Water Conservation and Integrated Management

  • Abdulrahman S. Alsharhan
  • Zeinelabidin E. Rizk
Part of the World Water Resources book series (WWR, volume 3)


To conserve flood water, the Emiratis have practiced surface-water harvesting for hundreds of years for agricultural and domestic purposes. They have built barriers, open or covered “berkas” (ponds) and “habisas”. Starting in the 1980s, the government has built more than 130 groundwater-recharge dams capable of storing 120 m3 and is planning to build 68 additional dams.

The UAE political leadership has realized the water-shortage problem and each emirate has at least a law or an Amiri Decree, regulating water-well drilling and groundwater extraction and protection. However, the detailed implementation procedures have to be formulated and put in action.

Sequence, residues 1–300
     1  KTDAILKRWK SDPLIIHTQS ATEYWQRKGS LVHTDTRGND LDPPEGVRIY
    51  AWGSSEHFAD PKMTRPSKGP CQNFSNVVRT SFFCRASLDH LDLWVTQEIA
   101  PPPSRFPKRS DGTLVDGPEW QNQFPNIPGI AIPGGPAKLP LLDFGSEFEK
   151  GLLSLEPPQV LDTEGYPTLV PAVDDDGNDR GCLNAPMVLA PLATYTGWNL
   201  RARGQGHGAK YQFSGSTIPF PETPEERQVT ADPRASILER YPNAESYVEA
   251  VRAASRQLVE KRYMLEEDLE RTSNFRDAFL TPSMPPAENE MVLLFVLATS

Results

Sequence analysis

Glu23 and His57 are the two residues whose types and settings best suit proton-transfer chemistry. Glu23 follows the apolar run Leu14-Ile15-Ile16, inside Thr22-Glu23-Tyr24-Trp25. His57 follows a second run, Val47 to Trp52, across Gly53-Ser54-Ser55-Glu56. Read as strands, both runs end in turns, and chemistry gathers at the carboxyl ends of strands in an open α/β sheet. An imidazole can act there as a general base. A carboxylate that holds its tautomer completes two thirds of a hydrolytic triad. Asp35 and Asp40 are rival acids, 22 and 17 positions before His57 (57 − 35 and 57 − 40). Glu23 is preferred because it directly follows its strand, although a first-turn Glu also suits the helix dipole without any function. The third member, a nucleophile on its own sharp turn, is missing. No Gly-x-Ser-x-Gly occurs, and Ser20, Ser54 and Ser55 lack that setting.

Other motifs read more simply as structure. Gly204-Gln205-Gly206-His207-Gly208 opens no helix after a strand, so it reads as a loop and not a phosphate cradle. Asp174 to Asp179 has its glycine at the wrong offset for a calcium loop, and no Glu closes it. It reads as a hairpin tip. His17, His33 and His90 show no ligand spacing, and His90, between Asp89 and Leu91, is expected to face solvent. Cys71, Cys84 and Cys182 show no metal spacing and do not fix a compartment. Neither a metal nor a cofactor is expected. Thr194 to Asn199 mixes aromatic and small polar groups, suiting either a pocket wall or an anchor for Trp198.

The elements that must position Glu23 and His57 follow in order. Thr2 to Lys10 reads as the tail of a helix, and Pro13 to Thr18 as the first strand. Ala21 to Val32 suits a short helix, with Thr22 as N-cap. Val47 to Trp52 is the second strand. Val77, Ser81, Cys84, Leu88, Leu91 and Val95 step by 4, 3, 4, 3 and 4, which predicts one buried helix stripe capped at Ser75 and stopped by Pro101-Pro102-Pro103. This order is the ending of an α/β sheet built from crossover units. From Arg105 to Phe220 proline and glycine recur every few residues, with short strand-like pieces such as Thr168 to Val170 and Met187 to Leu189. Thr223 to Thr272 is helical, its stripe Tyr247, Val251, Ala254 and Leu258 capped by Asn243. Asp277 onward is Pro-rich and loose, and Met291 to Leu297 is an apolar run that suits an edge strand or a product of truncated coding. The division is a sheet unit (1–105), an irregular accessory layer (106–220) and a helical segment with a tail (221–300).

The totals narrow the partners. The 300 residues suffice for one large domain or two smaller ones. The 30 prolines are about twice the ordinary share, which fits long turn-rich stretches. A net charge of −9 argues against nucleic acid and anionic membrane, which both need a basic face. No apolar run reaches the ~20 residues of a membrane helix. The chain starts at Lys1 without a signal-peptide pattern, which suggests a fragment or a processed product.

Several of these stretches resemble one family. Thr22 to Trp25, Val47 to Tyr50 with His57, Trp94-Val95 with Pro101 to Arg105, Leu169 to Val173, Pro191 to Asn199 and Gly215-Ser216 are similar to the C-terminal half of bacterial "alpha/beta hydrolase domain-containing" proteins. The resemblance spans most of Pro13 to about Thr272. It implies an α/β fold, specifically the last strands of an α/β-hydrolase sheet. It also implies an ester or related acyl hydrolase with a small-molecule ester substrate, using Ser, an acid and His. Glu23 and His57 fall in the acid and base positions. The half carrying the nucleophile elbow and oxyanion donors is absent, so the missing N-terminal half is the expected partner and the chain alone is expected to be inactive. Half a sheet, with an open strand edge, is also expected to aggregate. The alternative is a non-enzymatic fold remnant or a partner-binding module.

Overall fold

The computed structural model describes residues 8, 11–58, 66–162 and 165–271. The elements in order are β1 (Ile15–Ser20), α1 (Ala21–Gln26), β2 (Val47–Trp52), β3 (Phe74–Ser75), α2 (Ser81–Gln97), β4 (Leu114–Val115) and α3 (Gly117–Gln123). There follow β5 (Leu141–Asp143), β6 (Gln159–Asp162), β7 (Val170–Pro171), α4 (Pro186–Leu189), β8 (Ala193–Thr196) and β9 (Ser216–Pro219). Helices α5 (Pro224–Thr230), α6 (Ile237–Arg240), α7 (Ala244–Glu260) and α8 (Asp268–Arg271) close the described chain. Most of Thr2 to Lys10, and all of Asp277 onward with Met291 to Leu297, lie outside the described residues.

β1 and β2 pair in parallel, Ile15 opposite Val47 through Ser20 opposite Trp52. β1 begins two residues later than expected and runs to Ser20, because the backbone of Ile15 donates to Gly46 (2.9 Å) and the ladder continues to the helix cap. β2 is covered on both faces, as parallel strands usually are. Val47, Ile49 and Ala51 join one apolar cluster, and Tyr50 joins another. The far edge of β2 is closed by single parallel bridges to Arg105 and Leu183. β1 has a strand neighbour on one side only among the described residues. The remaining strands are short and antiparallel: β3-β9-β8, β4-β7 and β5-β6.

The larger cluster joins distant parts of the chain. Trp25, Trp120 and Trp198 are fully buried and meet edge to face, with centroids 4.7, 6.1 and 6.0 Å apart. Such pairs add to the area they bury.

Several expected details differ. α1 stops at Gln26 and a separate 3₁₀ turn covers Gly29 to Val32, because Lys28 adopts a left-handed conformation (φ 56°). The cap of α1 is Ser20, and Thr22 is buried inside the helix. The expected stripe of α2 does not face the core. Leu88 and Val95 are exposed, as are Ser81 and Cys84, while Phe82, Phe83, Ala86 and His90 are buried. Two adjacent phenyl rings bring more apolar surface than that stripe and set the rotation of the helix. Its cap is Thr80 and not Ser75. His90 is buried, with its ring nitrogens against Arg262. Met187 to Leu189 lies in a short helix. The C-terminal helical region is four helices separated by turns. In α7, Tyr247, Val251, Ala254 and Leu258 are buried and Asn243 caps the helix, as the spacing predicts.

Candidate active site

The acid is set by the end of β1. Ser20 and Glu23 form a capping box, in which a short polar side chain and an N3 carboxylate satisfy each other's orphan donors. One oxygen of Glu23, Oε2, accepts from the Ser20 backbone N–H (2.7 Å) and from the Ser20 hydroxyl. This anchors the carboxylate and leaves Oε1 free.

The Abu Dhabi Food Control Agency (ADFCA) has provided a number of initiatives for reducing water wastage in agriculture, including reduction of water consumption in farms, use of treated wastewater for irrigation, promoting sound agricultural practices, phasing out Rhodes grass cultivation, improving irrigation networks, application of smart irrigation systems, improvement of soils and expansion in greenhouse agriculture.

The chapter also discusses demand-and-supply management of desalinated water, and reuse of treated wastewater, in additional to technological solutions and social practices. The technological solutions include implementation of aquifers’ safe yield, controlling water wastage, minimizing water losses and water tariffs. The social responsibility involves improving planning and raising awareness.


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Copyright information

© Springer Nature Switzerland AG 2020

Authors and Affiliations

  • Abdulrahman S. Alsharhan
    • 1
  • Zeinelabidin E. Rizk
    • 2
  1. 1.Middle East Geological and Environmental EstablishmentDubaiUnited Arab Emirates
  2. 2.University of Science and Technology of FujairahFujairahUnited Arab Emirates

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